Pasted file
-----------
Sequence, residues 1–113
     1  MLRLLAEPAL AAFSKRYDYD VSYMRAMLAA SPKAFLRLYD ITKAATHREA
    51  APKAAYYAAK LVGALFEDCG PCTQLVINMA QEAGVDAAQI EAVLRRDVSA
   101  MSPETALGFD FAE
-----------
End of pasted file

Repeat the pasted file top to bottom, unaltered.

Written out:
Sequence, residues 1–113
     1  MLRLLAEPAL AAFSKRYDYD VSYMRAMLAA SPKAFLRLYD ITKAATHREA
    51  APKAAYYAAK LVGALFEDCG PCTQLVINMA QEAGVDAAQI EAVLRRDVSA
   101  MSPETALGFD FAE